With Ant-Man and The Wasp: Quantumania already out and Guardians Of The Galaxy Vol. 3 arriving in cinemas imminently, Phase 5 of the Marvel Cinematic Universe is well underway. However, with some viewers beginning to tune out, future stories will need to address the lackluster performance of Phase 4. This is the key to keeping the MCU a larger, compelling story. In a nutshell, the MCU is at its best when its stories are self-contained but never entirely disconnected.
The consensus among critics is that the Marvel Cinematic Universe has stagnated somewhat after the end of the Infinity Saga. After Avengers: Endgame, lots of viewers have begun to tire of the deluge of Phase 4. The new TV shows and movies often feel, at best, tenuously connected to any overarching plot. This stands in sharp contrast to early MCU movies which were mostly standalone but always had some connection to the others. Each felt like a small piece of something much larger. On the flipside, some MCU stories are starting to feel overly self-referential, seeming to exist as much to introduce or set things up as to tell stories of their own.
How the Infinity Saga Kept Its Direction
The Infinity Saga was not really planned. Not more than having a rough direction, in any case. In hindsight, it’s full of retcons and abandoned ideas. A notable example is the initial hint at Thanos’ comic book motivation of literally courting Death, before his intent was later changed. All the same, the main story goals were always clear. The initial setup was simple. Assemble the Avengers, introduce Thanos, and make them fight each other. While each early MCU story was self-contained, they all set up things that would be pivotal to the central plot, like the infinity stones, first introduced in Captain America: The First Avenger. Importantly, they also made a point to show the connection.
The MCU popularised the current trend of including mid- and post-credits scenes to movies. Importantly though, they were originally used in a very precise way. Iron Man ended by introducing Nick Fury. The Incredible Hulk ended by showing that Iron Man was involved. The Avengers ended by introducing Thanos. Each post-credits scene gave a tantalizing hint that there was something big just over the horizon to build tension. And it worked. Viewers would eagerly wait to see how the next story would tie in — casual viewers wanted to learn more, while comic book fans were eager to see the stories and team-ups they knew brought to life.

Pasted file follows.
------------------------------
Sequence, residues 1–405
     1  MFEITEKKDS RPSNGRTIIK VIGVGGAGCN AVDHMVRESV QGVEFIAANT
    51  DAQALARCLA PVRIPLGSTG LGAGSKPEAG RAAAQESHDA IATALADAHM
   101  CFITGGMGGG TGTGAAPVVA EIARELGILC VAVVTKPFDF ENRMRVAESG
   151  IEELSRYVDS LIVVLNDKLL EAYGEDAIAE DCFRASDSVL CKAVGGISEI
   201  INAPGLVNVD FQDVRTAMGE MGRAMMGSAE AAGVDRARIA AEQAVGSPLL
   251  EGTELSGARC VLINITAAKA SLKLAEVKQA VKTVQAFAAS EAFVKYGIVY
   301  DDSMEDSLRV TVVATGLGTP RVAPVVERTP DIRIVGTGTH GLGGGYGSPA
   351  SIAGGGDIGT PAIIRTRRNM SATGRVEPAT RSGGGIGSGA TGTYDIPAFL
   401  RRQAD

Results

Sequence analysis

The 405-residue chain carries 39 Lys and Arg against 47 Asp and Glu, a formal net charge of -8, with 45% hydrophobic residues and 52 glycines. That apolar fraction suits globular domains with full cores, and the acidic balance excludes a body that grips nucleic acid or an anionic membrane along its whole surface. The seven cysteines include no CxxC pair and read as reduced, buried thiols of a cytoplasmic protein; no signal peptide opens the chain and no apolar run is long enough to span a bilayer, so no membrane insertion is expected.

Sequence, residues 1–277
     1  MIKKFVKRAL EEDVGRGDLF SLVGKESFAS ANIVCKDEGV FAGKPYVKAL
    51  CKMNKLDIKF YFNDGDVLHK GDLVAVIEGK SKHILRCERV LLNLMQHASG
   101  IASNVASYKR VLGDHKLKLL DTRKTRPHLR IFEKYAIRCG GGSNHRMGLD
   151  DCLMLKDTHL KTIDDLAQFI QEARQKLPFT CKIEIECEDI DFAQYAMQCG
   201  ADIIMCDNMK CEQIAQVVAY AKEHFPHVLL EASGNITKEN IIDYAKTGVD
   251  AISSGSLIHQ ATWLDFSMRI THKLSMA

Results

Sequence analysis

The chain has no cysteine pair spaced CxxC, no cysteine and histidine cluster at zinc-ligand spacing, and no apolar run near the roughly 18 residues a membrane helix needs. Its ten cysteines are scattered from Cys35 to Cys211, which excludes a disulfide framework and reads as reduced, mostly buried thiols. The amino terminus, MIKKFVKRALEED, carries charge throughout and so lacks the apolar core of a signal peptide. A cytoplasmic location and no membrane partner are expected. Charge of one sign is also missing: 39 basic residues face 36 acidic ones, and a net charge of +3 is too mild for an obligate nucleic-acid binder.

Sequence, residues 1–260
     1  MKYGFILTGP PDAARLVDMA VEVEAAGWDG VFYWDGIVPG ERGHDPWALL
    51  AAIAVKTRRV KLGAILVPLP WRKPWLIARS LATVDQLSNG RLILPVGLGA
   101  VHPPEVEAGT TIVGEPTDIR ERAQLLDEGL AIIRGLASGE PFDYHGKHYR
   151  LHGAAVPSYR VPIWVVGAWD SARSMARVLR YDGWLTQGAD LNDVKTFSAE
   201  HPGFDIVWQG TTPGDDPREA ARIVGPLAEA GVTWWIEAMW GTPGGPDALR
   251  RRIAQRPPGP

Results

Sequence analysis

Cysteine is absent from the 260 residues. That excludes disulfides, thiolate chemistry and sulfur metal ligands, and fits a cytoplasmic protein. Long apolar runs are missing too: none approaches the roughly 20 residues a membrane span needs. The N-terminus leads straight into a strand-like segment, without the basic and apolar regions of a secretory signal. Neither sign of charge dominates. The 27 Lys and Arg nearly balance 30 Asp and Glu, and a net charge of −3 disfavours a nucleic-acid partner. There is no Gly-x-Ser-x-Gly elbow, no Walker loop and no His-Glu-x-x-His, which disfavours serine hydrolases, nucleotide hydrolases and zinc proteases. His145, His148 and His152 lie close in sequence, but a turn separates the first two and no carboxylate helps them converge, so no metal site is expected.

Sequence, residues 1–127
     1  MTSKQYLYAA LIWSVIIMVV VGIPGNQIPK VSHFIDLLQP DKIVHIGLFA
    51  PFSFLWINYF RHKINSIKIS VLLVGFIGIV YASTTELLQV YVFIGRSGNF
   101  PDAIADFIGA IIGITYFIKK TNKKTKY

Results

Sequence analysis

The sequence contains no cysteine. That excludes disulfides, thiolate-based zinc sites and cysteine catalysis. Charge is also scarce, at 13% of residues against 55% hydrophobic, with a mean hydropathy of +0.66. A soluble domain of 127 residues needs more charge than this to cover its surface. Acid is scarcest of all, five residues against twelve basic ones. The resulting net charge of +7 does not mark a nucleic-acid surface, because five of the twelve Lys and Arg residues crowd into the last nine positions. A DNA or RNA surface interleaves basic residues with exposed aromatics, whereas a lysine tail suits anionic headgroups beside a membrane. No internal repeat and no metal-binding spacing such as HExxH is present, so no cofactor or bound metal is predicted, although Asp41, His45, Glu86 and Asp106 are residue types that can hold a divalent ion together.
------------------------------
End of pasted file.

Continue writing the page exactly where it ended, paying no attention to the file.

Why MCU Phase 4 Felt Directionless
Marvel followed up the climax of Avengers: Endgame with an explosion of new stories. While clearly intending to build on the hype from the previous movies, it’s made the overall storyline feel dilute. Some MCU Phase 4 TV shows, like Wandavision, played an important role in showing the aftermath of Thanos and “the snap.” Many others, however, felt poorly paced or even entirely disconnected. The introduction of so much in such quick succession doubtless didn’t help.
While the multiverse plotline with Kang the Conqueror has slowly emerged, much of the current MCU still feels tangential to it. There was plenty of early speculation about who exactly the next MCU big bad would be, but it’s often felt like writers have been testing the water with new ideas while not committing to them. Occasionally there have been subtle hints, like a couple of easter eggs thrown into Moon Knight. But these are not enough for most viewers to see a clear connection to the rest of the MCU.
All Universe, No Plot
The main villain of the new MCU Multiverse Saga was revealed in the 3rd story of MCU Phase 4. Loki introduced Kang The Conqueror. More accurately, it introduced He Who Remains, a multiverse variant of Kang, who was previously keeping Kang restrained. It then seemingly did very little with him for several stories. The multiverse direction was followed up by Spider-Man: No Way Home, and Doctor Strange in the Multiverse of Madness. These three stories, however, are seemingly the only ones in MCU Phase 4 to be truly plot-relevant. Many of the others can be skipped without missing out on much. The result is that a lot of people have done exactly that.
Any direct reference to the multiverse plotline has seemingly been absent from the stories of MCU Phase 4. They’ve expanded the universe considerably, but they’ve done so at the cost of the cohesion which the MCU was once best known for. All the while, new MCU characters still keep showing up. While many of these new characters will no doubt return later on, there’s no longer any need to know how and where they’ll fit. Only the knowledge that, at some point in the future, they will. Somehow.
How The MCU Should Focus
The best MCU stories have been the ones that mostly stand alone, but still strongly hint that they’re part of a larger story. The weakest, like Iron Man 2 or Ant-Man and the Wasp, have seemingly been preoccupied with introducing new characters and setting up the future, sacrificing compelling stories of their own. This was originally done most effectively with a post-credits scene linking things together, but this has mostly been abandoned. Newer post-credits scenes have turned into jokes, references to unrelated characters, or in some cases just teaser trailers.
The bottom line is that MCU Phase 5 needs to regain focus. It should aim to do two main things. It needs to tell compelling self-contained stories, but it also needs to make those stories matter to the overarching plot of the new MCU saga. A good way to achieve this is to slow down. Instead of introducing too much too quickly, the way Phase 4 did, the stories need to concentrate on introducing things as and when they’re needed. This can help to return the Marvel Cinematic Universe to what originally made it so compelling to many viewers – the feeling that each of these stories is an intimate piece of one single, much larger one.The Incredible Hulk